L-Calc™ Software

Software for limiting dilution analysis

More Views

L-Calc™ Limiting Dilution Software

Software for limiting dilution analysis

Catalog #28600


Limiting Dilution Analysis (LDA) has been applied to the in vitro quantitation of hematopoietic stem cells (HSCs) using assays such as the long term culture-initiating cell (LTC-IC) assay (Conneally et al.) and the cobblestone area forming cell (CAFC) assay (Wang et al.). Limiting dilution protocols have also been adapted to allow the quantitation of human and mouse HSCs with the capacity to produce mature cells of all hematopoietic lineages in vivo, in competitive repopulating unit (CRU) (Ploemacher et al.; Szilvassy et al.) and SCID repopulating cell (SRC) assays (Dick et al.).

L-Calc™ will assist you in analyzing the results of your LDA. For each experiment, values corresponding to dose (i.e. cells per well); total number of positive responses obtained per dose; and total number of replicates tested (i.e. total number of wells used per cell dose) are entered. From these data, the frequency of cells within a given cell population capable of a defined response is determined. L-Calc™ can also be used as a guide to assess differences between paired sets of LDAs. A statistician should be consulted to perform the appropriate comparison.

Free Software Download Available: lcsetup.exe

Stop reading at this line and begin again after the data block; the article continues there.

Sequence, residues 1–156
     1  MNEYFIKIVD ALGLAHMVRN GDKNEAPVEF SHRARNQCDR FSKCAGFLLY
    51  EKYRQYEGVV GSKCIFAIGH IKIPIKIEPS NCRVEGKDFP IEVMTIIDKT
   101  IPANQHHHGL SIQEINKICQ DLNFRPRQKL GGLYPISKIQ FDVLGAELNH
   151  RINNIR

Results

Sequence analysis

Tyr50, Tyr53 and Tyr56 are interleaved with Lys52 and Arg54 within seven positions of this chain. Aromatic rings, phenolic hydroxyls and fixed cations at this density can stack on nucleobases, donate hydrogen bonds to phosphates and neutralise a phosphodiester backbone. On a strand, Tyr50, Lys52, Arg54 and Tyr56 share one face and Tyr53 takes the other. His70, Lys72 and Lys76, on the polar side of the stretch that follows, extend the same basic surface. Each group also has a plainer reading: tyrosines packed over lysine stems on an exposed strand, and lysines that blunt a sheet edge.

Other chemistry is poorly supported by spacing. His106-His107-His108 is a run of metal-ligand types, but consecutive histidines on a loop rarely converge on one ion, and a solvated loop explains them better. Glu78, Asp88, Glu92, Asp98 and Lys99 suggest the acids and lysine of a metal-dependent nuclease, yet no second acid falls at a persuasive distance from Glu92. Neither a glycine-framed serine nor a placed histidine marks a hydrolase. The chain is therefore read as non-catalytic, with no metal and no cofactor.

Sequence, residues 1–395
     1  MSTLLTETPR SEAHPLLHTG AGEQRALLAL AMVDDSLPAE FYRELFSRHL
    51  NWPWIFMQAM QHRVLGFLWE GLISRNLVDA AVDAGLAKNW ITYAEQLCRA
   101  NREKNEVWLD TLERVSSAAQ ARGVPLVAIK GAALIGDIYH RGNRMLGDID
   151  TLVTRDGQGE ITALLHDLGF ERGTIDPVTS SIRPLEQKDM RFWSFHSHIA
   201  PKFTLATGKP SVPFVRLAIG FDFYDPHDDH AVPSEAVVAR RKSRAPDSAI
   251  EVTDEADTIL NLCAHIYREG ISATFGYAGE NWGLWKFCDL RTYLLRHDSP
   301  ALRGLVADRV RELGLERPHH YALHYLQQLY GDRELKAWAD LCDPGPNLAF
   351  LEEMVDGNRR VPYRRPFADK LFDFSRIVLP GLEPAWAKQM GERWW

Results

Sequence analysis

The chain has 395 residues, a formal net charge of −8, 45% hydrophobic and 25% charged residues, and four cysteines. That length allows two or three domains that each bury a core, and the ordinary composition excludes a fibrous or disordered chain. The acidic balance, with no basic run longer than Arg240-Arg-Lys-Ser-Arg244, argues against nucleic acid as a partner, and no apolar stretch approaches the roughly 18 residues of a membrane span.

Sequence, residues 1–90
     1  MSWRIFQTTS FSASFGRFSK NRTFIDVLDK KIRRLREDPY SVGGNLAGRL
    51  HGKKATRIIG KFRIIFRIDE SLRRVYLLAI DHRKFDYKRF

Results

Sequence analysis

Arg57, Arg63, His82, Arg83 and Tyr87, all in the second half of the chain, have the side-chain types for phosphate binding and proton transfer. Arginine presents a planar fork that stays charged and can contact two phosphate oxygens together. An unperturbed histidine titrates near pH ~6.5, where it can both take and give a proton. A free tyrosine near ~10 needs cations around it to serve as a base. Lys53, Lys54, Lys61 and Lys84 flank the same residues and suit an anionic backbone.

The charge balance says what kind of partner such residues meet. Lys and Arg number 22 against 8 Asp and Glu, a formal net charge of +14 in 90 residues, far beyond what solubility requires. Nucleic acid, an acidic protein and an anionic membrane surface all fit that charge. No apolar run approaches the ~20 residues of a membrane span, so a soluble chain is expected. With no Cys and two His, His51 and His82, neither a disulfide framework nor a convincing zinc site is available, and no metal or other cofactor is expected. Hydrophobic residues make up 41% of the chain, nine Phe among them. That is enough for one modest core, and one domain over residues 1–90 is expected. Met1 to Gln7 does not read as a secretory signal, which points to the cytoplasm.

Suitable for use with Microsoft® Windows.
Please note we no longer provide support or updates for L-Calc software.
Functional Assay
Area of Interest:
Stem Cell Biology

Scientific Resources

Educational Materials


Product Applications

This product is designed for use in the following research area(s) as part of the highlighted workflow stage(s). Explore these workflows to learn more about the other products we offer to support each research area.

Data and Publications


Blood 2011 JUL

Crebbp haploinsufficiency in mice alters the bone marrow microenvironment, leading to loss of stem cells and excessive myelopoiesis.

Zimmer SN et al.


CREB-binding protein (CREBBP) is important for the cell-autonomous regulation of hematopoiesis, including the stem cell compartment. In the present study, we show that CREBBP plays an equally pivotal role in microenvironment-mediated regulation of hematopoiesis. We found that the BM microenvironment of Crebbp(+/-) mice was unable to properly maintain the immature stem cell and progenitor cell pools. Instead, it stimulates myeloid differentiation, which progresses into a myeloproliferation phenotype. Alterations in the BM microenvironment resulting from haploinsufficiency of Crebbp included a marked decrease in trabecular bone that was predominantly caused by increased osteoclastogenesis. Although CFU-fibroblast (CFU-F) and total osteoblast numbers were decreased, the bone formation rate was similar to that found in wild-type mice. At the molecular level, we found that the known hematopoietic modulators matrix metallopeptidase-9 (MMP9) and kit ligand (KITL) were decreased with heterozygous levels of Crebbp. Lastly, potentially important regulatory proteins, endothelial cell adhesion molecule 1 (ESAM1) and cadherin 5 (CDH5), were increased on Crebbp(+/-) endothelial cells. Our findings reveal that a full dose of Crebbp is essential in the BM microenvironment to maintain proper hematopoiesis and to prevent excessive myeloproliferation.